Off the atrium are an upstairs restaurant (see review of Parabola), a small ground floor snack/coffee bar, a shop, offices and spaces for temporary exhibitions. While entrance to temporary exhibitions is charged for, and there will usually be two of these running at any time, it is free to enter the building and explore the displays from its permanent collection.
Called ‘Designer Maker User’, the free section occupies a relatively small space, considering the size of the building, and it packs in so much information, so many themes and objects, that it can feel both congested and overwhelming. I expected to whizz round quickly but became engrossed in the detail and was there for over two hours. As one of the explanatory boards says, the role of the designer stretches ‘from the spoon to the city’ and it feels like they have tried to cover the lot.
A timeline wall starts in 1759 with Wedgwood’s Etruria Works (‘the first modern factory’) and moves through Bauhaus, the VW Beetle, the invention of Helvetica, birth of the computer and on past the iPhone.
‘Ways of Making’ looks at design in manufacturing processes, from an old bentwood cafe chair to a digitally produced one, of yellow plastic. There are interactive, hands-on displays, aimed at both adults and children, but some were not working when I visited, nor was the large Big Rep One 3D printer. A volunteer guide was trying her best to explain how it had made the samples of woven wicker-ware-type vessels from molten plastic.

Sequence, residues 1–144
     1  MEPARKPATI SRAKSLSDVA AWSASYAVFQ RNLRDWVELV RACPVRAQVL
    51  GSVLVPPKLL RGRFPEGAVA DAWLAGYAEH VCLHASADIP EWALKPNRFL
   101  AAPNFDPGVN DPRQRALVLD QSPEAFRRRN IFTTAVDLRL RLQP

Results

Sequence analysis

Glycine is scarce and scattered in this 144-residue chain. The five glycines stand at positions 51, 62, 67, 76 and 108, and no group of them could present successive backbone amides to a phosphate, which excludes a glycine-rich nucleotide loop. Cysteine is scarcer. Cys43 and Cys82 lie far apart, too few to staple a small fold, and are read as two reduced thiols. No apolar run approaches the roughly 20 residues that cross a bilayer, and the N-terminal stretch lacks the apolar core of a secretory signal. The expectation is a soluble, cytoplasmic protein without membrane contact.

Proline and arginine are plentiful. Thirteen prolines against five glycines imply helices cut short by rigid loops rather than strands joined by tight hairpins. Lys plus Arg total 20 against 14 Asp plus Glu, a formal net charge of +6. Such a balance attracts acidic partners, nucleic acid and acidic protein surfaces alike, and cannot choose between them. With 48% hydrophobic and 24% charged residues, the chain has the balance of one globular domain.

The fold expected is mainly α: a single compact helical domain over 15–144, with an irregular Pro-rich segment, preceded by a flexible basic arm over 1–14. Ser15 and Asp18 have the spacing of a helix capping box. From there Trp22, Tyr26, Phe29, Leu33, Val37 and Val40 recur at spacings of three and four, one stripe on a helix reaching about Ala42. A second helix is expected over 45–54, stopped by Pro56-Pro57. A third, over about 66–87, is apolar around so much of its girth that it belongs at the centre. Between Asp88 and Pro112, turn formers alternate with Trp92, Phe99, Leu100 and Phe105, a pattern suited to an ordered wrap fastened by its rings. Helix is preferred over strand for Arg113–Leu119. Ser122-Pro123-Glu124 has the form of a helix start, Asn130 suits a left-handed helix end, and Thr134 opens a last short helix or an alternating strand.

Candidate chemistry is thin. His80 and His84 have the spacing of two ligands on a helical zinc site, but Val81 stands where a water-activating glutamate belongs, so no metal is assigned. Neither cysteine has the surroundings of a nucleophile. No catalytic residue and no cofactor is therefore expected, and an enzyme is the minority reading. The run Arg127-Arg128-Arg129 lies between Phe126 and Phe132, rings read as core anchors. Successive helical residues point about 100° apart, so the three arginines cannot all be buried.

A series of wall-displayed objects, ‘The Evolution of Technology’ romps through the changes in TVs, phones, audio equipment, watches, calculators, cameras and computers. It was good to see old friends like the reel to reel tape recorder, the floppy disk, the portable TV and the Sony Walkman.
Along the way you are immersed in a mock-up of the first ‘Frankfurt’ fitted kitchen, an eye-popping collection of Olivetti advertising posters, and fascinating facts about familiar graphics and typography; did you know that the CND symbol is composed of semaphore symbols?
Kalashnikov’s AK-47 assault rifle is juxtaposed with a lightweight leg splint of moulded plywood designed by Charles and Ray Eames for the US Navy during WWII. Again, what is ‘good’ design?
There’s fashion, furniture and engineering. Transport, including a Vespa Clubman scooter, travel apps and a prototype of the new London tube train, gets a lot of attention, as does architecture. I loved the ‘City of Towers’, a group of pure white sculptures created using 3D software.
In an area where you can sit at tables and have a go at designing – a logo for your family, a light for the night sky, a park warden’s uniform – as many oldies as youngsters were leafing through design manuals and using the free materials provided.
The DESIGN MUSEUM. Open daily. Approx. 10mins. walk from Kensington High Street tube station.
Accessible for wheelchairs. Family trails and explorer kits – free.
Free entrance to building and permanent collection. Admission rates will vary for temporary exhibitions (approx £10-14). Concessions for over 60s and family tickets.
See the very informative website for details: